Recent research confirms a 2015 study that found that people with depression had an 83 percent increased risk of developing dementia (compared with people who did not have depression). The new study, which reviewed 34 long-term observational studies that had investigated links between depression or anxiety and cognitive decline, found that people suffering from depression experienced more extensive cognitive decline later in life than those who had not suffered from depression. This research holds a great deal of importance for an aging population that would like to avert dementia, which is not necessarily an inevitable part of aging. Along with preventative measures such as exercising and practicing mindfulness, therapeutic treatment of depression can help stave off cognitive decline.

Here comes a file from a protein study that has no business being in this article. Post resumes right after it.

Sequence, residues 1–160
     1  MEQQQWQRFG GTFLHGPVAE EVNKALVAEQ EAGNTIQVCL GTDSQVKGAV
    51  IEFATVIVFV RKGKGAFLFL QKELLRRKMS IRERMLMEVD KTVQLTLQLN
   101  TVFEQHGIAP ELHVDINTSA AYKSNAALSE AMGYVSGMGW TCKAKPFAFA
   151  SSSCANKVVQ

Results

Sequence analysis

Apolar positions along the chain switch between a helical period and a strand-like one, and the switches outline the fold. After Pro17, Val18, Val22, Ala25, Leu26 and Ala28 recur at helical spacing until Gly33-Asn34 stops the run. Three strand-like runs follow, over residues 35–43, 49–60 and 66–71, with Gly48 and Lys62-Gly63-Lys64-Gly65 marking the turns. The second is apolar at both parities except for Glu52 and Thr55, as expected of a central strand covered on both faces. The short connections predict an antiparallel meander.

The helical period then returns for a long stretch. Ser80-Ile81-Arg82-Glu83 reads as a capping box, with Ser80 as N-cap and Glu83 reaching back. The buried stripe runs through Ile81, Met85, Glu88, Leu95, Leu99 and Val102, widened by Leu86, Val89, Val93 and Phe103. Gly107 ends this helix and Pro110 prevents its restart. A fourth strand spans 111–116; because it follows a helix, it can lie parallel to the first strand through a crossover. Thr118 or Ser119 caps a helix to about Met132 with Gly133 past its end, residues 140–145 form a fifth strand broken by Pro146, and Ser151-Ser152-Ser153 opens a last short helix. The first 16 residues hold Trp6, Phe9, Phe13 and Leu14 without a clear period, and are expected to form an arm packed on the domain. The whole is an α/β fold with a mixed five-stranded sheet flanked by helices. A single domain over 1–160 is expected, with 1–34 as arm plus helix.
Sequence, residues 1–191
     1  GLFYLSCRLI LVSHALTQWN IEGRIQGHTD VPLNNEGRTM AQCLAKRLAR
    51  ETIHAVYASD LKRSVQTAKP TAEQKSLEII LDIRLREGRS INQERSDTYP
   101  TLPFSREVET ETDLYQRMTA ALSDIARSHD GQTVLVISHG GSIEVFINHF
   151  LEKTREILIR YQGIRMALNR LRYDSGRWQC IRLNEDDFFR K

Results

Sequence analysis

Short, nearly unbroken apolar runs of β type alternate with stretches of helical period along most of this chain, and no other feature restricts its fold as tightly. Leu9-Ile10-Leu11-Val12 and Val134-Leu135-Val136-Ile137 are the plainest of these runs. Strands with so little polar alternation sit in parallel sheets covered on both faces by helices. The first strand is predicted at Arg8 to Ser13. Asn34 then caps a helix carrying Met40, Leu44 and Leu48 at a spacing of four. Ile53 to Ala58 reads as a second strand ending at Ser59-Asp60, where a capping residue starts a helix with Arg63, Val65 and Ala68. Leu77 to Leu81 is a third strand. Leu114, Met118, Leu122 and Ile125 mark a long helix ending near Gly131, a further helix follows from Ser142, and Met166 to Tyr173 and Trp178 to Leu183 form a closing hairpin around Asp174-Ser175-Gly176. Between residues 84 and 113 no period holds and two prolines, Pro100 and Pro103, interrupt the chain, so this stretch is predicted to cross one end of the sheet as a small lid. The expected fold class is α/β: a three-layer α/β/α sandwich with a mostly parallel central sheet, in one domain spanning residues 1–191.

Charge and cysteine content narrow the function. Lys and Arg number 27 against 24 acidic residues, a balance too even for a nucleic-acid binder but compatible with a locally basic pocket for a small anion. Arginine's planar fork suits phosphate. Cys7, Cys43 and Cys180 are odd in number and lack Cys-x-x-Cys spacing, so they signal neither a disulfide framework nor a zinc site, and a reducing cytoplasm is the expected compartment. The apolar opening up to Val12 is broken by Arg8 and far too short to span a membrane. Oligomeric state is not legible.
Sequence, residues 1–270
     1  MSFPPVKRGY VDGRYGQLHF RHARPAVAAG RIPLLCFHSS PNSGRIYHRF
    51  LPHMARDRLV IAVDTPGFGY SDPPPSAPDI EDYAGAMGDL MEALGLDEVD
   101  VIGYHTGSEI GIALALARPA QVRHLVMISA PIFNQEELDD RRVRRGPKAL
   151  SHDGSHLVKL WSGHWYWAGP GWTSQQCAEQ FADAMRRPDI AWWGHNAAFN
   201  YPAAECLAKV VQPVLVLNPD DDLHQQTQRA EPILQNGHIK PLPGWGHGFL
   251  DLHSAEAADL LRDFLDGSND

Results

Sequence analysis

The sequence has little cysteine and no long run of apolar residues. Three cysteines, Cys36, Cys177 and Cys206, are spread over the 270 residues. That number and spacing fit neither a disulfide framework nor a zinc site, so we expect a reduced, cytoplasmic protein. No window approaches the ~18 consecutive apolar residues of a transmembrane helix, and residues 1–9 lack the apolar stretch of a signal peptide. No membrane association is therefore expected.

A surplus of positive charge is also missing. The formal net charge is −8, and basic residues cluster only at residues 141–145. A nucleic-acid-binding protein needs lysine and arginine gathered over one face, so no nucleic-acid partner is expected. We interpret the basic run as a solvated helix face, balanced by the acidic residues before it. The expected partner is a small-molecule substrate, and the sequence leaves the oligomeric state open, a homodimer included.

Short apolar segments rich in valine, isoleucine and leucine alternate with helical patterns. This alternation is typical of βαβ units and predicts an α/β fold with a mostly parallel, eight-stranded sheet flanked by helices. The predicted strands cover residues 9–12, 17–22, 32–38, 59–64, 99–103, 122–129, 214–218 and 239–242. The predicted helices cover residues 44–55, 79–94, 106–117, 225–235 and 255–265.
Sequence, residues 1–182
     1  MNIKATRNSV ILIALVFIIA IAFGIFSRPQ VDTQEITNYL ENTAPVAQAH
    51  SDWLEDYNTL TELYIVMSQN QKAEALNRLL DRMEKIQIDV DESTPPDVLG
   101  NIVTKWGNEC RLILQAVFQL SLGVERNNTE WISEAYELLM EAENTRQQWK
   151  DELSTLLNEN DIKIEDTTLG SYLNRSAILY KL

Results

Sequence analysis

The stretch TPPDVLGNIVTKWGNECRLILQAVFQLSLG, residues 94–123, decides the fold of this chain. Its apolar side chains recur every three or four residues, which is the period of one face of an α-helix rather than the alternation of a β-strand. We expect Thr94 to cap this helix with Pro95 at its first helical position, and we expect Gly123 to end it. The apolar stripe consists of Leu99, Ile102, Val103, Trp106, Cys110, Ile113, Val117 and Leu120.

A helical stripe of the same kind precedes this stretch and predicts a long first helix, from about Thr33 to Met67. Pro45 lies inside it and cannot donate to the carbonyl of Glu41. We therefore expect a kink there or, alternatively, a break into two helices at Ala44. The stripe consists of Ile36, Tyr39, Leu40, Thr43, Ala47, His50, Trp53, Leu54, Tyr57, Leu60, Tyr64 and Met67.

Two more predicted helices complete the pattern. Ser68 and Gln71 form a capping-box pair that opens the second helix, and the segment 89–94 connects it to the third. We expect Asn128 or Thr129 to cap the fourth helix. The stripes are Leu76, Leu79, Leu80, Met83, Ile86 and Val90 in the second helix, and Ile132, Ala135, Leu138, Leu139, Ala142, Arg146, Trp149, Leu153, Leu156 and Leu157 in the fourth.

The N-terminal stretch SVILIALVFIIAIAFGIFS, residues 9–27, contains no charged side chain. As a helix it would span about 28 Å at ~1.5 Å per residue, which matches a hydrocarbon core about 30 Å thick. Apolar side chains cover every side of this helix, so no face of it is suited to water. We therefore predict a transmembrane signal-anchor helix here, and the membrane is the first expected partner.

Depression causes people to lose pleasure from daily life, can complicate other medical conditions, and can even be serious enough to lead to suicide. And for seniors, ignoring sadness or dismissing it as a normal side effect of aging could allow potentially treatable memory issues to progress unchecked. Whether you may face life’s daily stress or a chronic mental illness, we are here for you. We welcome people of all ages and backgrounds.
P.S. According to the 2015 study mentioned above, people who suffered from both depression and type 2 diabetes were at even higher risk of developing dementia.